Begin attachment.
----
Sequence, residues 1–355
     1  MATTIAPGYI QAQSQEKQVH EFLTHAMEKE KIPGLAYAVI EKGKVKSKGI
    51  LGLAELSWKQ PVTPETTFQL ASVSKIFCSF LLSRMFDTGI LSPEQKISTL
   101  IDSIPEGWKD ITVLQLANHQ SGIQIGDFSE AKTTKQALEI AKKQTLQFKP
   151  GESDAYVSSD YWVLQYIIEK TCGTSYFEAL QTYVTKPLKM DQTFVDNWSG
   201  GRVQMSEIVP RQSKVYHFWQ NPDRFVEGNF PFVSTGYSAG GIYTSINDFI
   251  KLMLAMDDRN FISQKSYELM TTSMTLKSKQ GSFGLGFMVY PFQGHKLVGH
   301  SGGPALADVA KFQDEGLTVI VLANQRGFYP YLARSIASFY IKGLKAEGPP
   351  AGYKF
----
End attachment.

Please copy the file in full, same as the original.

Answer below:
Sequence, residues 1–355
     1  MATTIAPGYI QAQSQEKQVH EFLTHAMEKE KIPGLAYAVI EKGKVKSKGI
    51  LGLAELSWKQ PVTPETTFQL ASVSKIFCSF LLSRMFDTGI LSPEQKISTL
   101  IDSIPEGWKD ITVLQLANHQ SGIQIGDFSE AKTTKQALEI AKKQTLQFKP
   151  GESDAYVSSD YWVLQYIIEK TCGTSYFEAL QTYVTKPLKM DQTFVDNWSG
   201  GRVQMSEIVP RQSKVYHFWQ NPDRFVEGNF PFVSTGYSAG GIYTSINDFI
   251  KLMLAMDDRN FISQKSYELM TTSMTLKSKQ GSFGLGFMVY PFQGHKLVGH
   301  SGGPALADVA KFQDEGLTVI VLANQRGFYP YLARSIASFY IKGLKAEGPP
   351  AGYKF